Learning To Read Like Writer

The quote “A (wo)man who refuses to read has no advantage over a (wo)man who cannot” is widely attributed to Mark Twain. Regardless of who said it, which could have been Old Man Harold at the five-and-dime grabbing trade publications and a cool root beer, the point remains vital. Reading transports the reader to a different time and location, placing us near to the author’s mind in a way that basic conversation cannot accomplish. A writer who refuses to read will NOT seriously learn their craft if they fail to open a book. This is a fact, unless you’re some kind of prodigy, which is unlikely. Trust me, it shows when a writer does not read. With that in mind, as writers, how can we get the most out of our time spent hunched over a book?
Writing is, and should be, an obsession. An obsession with words. An obsession of obtaining the truth with your words, which is a tall order considering the politics of truth. With those words we create vast landscapes, buildings, characters, relationships, struggle, etc.… One platitude I’ve heard in response to reading as a writer is that “I’d rather spend my time living life to gather material for my book,” or “If I don’t read then I won’t be distracted by what’s already been done.”
These are false responses. An unfortunate truth of creating art in the 21st century is that the creation you’re attempting to make has already been made. Sure, you’re creating something with your own flair, but let’s not pretend it’s never been done before. Musicians flood themselves in music and filmmakers douse themselves in film. It’s natural for any artist to spend obscene amounts of time studying (and enjoying) the craft they’ve chosen. Let’s take a look at two different approaches to reading deeper as a writer.
To read like a writer we have to dive deeper into the book we’re reading. We must locate the deeper meaning of the story the author is trying to convey. Referencing this Ted Talk may be helpful in reading deeper into a story. It says we as readers must practice “insight” and “acknowledge complexity” to get the most out of our reading. Insight is the ability to “arrive at an intuitive understanding based on the small clues” given to you by the writer. For example, the tiny clues given to us by Fitzgerald about the character Gatsby. Whereas it’s not explicitly stated, we know that Gatsby is a bootlegger, given the time period the story takes place. This reveals a lot later on in the story.
Recognizing complexity is another tactic that will help us as writers and readers become stronger at the craft. Life is not simply black and white, night and day, sunshine and rain. Given that, literature reflects life and that’s what makes reading (and writing) so rewarding. In a certain story there may be multiple forces at work that influence a character’s decision. Like in Jack Kerouac’s On the Road: what compelled Dean Moriarty, arguably the hero of a generation, to supposedly steal from Sal Paradise? Is Dean an inherently bad person, given all they went through up to that point?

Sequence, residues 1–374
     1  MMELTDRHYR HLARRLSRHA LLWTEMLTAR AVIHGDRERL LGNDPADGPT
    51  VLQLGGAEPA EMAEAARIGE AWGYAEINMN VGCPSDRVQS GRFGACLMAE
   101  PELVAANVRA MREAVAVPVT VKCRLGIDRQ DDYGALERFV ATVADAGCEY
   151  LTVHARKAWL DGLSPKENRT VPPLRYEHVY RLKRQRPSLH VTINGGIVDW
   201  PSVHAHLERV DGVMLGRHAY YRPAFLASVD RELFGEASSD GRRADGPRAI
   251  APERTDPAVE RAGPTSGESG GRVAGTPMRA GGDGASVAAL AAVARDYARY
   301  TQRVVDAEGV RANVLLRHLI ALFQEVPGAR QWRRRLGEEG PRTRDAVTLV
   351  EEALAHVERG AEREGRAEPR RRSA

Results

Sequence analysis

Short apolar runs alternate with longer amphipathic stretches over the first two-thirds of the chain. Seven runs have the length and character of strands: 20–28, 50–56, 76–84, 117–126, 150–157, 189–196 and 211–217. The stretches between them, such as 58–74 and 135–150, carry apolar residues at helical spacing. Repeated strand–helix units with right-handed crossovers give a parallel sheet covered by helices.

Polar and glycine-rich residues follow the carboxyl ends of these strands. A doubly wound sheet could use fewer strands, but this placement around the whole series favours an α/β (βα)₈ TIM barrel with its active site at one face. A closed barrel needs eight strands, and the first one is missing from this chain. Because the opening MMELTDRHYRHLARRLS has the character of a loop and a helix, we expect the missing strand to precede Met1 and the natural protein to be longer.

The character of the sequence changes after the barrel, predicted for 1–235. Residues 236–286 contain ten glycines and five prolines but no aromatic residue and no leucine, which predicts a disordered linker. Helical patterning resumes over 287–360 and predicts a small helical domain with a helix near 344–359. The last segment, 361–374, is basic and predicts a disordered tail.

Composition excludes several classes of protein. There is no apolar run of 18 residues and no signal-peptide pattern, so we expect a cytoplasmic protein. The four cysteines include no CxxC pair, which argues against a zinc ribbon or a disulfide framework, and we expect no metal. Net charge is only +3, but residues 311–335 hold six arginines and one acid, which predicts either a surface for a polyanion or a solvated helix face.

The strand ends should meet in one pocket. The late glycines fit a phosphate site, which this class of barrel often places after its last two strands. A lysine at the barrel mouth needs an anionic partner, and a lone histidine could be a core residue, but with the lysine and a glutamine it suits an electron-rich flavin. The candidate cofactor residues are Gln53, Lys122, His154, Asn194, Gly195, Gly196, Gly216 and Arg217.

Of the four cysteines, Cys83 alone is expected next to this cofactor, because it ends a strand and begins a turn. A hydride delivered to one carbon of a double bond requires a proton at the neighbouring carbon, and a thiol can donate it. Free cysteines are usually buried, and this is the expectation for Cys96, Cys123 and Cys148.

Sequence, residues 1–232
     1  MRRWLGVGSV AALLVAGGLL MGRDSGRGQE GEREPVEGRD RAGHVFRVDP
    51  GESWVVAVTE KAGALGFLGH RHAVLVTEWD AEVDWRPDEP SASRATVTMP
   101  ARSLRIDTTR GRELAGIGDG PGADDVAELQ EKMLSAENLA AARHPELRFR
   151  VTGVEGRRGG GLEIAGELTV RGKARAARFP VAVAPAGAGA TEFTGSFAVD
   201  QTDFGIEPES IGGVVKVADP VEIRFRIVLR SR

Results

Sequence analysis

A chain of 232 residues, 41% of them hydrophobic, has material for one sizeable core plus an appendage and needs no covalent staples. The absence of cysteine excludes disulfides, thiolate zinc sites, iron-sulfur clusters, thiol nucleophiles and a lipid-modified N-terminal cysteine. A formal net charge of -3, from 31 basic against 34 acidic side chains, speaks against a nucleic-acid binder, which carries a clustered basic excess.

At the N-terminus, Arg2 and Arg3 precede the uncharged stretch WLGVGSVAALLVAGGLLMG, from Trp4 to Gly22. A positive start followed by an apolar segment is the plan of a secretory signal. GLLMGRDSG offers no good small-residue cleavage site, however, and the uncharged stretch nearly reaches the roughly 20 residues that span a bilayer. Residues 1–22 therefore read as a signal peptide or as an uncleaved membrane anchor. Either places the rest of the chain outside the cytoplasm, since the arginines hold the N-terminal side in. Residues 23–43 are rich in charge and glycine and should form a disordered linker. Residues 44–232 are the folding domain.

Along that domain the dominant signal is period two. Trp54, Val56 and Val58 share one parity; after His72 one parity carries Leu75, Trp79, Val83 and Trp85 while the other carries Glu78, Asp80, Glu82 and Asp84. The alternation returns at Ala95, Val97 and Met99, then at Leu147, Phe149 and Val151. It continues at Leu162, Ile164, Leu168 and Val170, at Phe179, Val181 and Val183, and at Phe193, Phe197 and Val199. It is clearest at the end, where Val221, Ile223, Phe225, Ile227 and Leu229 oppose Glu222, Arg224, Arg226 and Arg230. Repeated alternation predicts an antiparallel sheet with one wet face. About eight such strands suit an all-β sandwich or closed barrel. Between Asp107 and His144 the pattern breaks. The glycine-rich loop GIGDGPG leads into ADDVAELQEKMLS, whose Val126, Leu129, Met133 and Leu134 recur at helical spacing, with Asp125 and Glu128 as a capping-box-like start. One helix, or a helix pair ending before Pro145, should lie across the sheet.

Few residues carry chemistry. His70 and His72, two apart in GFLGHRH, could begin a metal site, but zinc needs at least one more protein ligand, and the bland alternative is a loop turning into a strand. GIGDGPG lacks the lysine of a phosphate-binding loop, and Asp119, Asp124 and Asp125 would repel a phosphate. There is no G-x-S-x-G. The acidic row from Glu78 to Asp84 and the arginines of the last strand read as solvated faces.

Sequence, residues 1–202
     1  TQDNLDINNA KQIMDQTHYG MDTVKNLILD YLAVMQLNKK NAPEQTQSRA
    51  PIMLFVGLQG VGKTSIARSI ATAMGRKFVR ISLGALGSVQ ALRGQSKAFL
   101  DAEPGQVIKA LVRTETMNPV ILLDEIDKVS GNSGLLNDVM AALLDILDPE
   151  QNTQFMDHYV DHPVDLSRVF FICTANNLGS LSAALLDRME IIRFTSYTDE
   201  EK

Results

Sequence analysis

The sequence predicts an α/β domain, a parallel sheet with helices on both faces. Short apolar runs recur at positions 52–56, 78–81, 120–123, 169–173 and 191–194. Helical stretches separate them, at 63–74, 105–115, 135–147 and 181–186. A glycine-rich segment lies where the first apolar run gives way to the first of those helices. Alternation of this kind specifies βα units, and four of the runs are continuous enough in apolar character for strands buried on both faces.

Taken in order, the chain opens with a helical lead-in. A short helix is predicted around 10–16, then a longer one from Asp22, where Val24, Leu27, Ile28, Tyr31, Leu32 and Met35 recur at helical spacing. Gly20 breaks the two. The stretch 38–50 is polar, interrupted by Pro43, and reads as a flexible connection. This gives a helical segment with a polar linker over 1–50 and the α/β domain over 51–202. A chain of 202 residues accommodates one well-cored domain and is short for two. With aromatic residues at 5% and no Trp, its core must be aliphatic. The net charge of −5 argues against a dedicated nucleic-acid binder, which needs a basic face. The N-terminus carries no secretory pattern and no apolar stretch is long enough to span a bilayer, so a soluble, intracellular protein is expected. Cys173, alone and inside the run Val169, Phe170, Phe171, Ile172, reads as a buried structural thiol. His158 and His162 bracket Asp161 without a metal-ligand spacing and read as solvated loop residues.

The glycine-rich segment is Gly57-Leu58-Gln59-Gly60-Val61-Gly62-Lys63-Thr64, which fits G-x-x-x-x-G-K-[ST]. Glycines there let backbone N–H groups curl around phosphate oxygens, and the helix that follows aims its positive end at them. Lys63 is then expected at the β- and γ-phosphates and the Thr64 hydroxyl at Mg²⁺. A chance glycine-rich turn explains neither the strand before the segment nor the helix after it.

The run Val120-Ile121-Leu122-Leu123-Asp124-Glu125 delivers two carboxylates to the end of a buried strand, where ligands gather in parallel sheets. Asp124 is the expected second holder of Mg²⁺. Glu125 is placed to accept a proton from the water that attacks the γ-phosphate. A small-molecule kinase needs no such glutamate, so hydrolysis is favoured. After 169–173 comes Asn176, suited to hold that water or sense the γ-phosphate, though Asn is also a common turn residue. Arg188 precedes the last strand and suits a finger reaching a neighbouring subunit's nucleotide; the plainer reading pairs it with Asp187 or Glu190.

It’s a Western practice to present opposites as separate polls that refuse to mix. But the human condition is much more complicated than that. For instance, in American politics Republicans and Democrats are presented as opposites in most media forms, but when boiled down to their roots, each and every member of Congress is a politician with their own agenda for themselves, their district, and their party. Which can be more complicated than attaching a letter and color to their classification. This is a simple example, but the point remains. Now on to another tip for enhancing our reading experience. This one is a little more involved.
Hunter S. Thompson, famed literary outlaw journalist, actually retyped Fitzgerald’s The Great Gatsby and Ernest Hemingway’s A Farewell To Arms to get a feel for the rhythm of the novels. I can’t help but suspect this severely influenced Thompson as both a writer and a reader. Try taking one of your favorite novels and sit down quietly with it. Infiltrate the page, retyping and feeling what made that moment in literature great. The Great Gatsby has wonderful rhythm, pace, and word choice. Maybe try that book first.
It’s no surprise that 21st century distractions have limited the amount of time we as Americans spend reading. There’s often not enough time to sit down quietly with a book in isolation. Not only is time a constraint, but, as David Foster Wallace points out in an interview, the appetite for loneliness has all but nearly vanished.
“Reading requires sitting alone, quiet, in another room and I have…intelligent friends who don’t like to read because they get…not just bored. There’s an almost dread that comes up here about having to be alone and having to be quiet. You see that when you walk into most public spaces in America it’s not quiet anymore. It seems significant that we don’t want things to be quiet anymore.”
He goes on to say that in the US, and around the world, there’s a need to instantly gratify ourselves with what is immediately available. To go go go all the time. While that part of the mind is getting met, there’s another part of the human psyche that’s been left behind. The part that craves silence and quiet and thinking hard about something for a half an hour rather than a split second. Or spending an hour with a piece of art or a novel. “It’s not getting fed at all,” he says. “The faster we go…the more we don’t feed ourselves that likes quiet, that can live in quiet without any kind of stimulation.”

Recommended list of reading:

Infinite Jest by David Foster Wallace

 

 

 

 

 

 

A Visit From The Goon Squad by Jennifer Egan

 

 

 

 

 

 

White Noise by Don DeLillo

 

 

 

 

 

 

NW by Zadie Smith

 

 

 

 

 

 

The Corrections by Jonathan Franzen

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